Solutions intended to identify patients at risk of a deteriorating clinical condition fall into 3 categories. The biggest is highlighted in the screen capture at the top of this post, wireless patient worn sensors or monitors. Passive sensing technology is the next category where physiologic readings are made without having to physically touch the patient. Finally, there are the data analysis and notification solutions that apply varying levels of clinical decision support to analyze the patient’s physiological data (acquired through some other means).
I’m currently tracking total of 17 surveillance monitoring companies that make claims to monitor patients at risk of a deteriorating clinical condition.
Wireless Patient Worn Sensors or Monitors
Wireless patient worn solutions can be divided between reusable miniaturized monitors strapped to the patient — typically an arm or wrist — and band-aid style disposable units. Nihon Kohden and Sotera Wireless are good examples of the reusable miniaturized monitor, while the Toumaz Sensium and Vital Connect are examples of the band-aid disposable approach. The disposable Intelesens device is a bit of a hybrid, being mostly a disposable with a small reusable component. The band-aid approach has the advantage of including the ECG sensors as part of the device. Miniaturized monitors, and some band-aid solutions, use separate sensors that are attached to the patient.
Companies in this category include (in alphabetical order):
Parameters typically include heart rate, ECG, respiration, and may include SpO2, NIBP, temperature and motion. Motion can be used to provide a number of features: to filter motion artifact to reduce nuisance alarms, bed exit alarms, fall detection, patient position for evaluating certain physiological parameters and bed turns to avoid bedsores.
Passive Sensing Technology
Most passive sensing technologies used for this application use radio frequency energy beamed at the patient, from which a reflected signal contains physiological data that is extracted and used to monitor the patient.
Companies in this category include (in alphabetical order):
The physiological parameters acquired by this technology tends to be limited to heart rate, respiration and perhaps motion. The sensors that collect patient data for these solutions are made up of a pad or plate that is placed under the patient, on top of or under the mattress.
The motion parameter can be as simple as noting unspecified patient movement, or can be used to report patient agitation scores, bed turns (to avoid bed sores), and perhaps more accurate bed exit alarms.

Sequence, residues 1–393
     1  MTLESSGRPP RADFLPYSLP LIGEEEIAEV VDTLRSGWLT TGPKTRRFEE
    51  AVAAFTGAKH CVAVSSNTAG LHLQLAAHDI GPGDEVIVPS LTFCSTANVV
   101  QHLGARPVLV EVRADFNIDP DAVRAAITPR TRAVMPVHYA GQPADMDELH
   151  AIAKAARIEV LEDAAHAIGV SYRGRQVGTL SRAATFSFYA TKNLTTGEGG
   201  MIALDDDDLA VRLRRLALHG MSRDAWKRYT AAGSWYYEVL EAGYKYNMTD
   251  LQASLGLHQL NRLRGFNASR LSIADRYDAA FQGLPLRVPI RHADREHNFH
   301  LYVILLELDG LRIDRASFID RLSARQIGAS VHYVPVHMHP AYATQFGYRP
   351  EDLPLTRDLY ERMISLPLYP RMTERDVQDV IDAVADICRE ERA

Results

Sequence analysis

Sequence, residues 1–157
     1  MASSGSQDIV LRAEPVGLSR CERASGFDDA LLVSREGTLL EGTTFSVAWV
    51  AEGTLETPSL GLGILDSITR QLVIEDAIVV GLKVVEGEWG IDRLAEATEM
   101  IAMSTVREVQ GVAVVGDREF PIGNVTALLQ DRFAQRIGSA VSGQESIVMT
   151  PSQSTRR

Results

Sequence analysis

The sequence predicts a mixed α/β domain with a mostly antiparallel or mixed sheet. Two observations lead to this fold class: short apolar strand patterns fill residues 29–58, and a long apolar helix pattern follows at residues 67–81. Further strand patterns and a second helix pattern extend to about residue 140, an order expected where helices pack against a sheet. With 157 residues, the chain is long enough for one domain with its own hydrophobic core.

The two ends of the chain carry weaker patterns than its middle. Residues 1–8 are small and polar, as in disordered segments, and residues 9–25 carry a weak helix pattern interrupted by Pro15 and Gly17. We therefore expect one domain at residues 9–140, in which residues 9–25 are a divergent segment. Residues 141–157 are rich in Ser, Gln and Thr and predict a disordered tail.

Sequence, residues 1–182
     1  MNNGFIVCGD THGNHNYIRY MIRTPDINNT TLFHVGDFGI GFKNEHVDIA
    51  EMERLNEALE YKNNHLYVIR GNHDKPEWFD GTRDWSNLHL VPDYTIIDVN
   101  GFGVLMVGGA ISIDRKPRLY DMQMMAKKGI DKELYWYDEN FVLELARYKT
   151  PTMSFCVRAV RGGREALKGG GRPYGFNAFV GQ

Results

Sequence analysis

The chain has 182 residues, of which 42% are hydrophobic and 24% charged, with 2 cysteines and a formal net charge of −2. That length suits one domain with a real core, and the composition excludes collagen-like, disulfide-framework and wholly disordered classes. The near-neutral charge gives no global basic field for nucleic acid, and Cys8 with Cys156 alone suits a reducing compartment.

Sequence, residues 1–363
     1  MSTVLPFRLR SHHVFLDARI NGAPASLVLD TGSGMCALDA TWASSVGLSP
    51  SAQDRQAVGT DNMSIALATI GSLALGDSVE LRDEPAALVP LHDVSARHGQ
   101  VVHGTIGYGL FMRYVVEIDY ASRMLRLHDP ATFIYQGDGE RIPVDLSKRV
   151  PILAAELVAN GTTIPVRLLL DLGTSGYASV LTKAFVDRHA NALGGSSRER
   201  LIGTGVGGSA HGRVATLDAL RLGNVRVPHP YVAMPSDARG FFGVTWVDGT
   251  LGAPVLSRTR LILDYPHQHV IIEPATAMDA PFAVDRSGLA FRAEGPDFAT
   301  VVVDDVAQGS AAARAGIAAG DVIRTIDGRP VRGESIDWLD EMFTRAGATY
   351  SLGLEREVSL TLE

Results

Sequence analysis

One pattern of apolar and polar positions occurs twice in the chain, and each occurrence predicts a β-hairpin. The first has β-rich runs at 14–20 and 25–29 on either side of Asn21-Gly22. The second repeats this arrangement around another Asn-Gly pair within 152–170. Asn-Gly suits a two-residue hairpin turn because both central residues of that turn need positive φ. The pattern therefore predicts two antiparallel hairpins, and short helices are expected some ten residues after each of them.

Data Analysis and Notification
If it was easy to identify the deteriorating patient, this growing market segment would not exist. The approach to the DCC challenge by this group of companies is to acquire a patient’s physiological data from a separate multi parameter patient monitor and apply specialized algorithms to identify clinical deterioration in a reliable and unambiguous way.
Companies in this category include (in alphabetical order):
Each of these solutions produces a score or index that is used to indicate a deterioration of the patient’s clinical condition. Across the different solutions, each score is different as is the algorithm that generates the score. These algorithms take the common parameters found on bedside patient monitors, purchased separately, such as, heart rate, ECG, respiration, SpO2, and temperature.
The vast majority of solutions based on bedside monitors take an existing product such as continuous vital signs monitors and use them for DCC. A couple of exceptions to this are the SpO2-centric solutions from Medtronic/Covidien/Nellcor (VitalSync) and Masimo (Patient SafetyNet). These last two solutions address many key DCC requirements, but they lack the patient-friendly features of being patient worn (with no cables connecting the patient to a bedside device) and wireless (for ambulatory patients).
Whole Product Solution
All of the products, features and services needed for a complete working solution, capable of fully meeting requirements, are known as the whole product solution. For this exercise, we’ll exclude the data analysis and notification solutions as they are quite different and the bedside monitors as everyone is familiar with them.
Let’s start with the device itself and related sensors. The next piece is some sort of bedside or patient worn display. In the event of an alarm condition, notification of some sort is needed. Data management provides the means for remote surveillance (at the central station or nurse carried), event review and the ability to review and analyze data across patients. A more recent piece of the whole product solution for patient monitors is the automatic conveyance of vital signs data into a flow sheet in the EMR.
This next portion of the whole product solution revolves around services starting with the vendor providing basic training and an implementation project plan, advice on clinical indications, for who should be monitored, a sample order set for the CPOE system, and sample policies and procedures for using the new solution. Moving the data from the monitor acquiring the patient data to the rest of the system requires some sort of networking, so configuration and integration into the enterprise network environment is needed. Finally, systems integration for HL7 services and any integration with a third party alarm notification solution is needed.
This has been our first look at surveillance monitoring for patients at risk of a deteriorating clinical condition. We’ve looked at the evolution of surveillance monitoring and why new specialized solutions have been brought to market. We next considered clinical requirements and the types of DCC monitoring solutions that have evolved and the specific companies who have developed solutions. We ended with a brief survey of all the key components, capabilities and services needed to successfully implement and use DCC monitoring.
UPDATE: This post has been updated to improve readability and to add a newly discovered company, PeraHealth.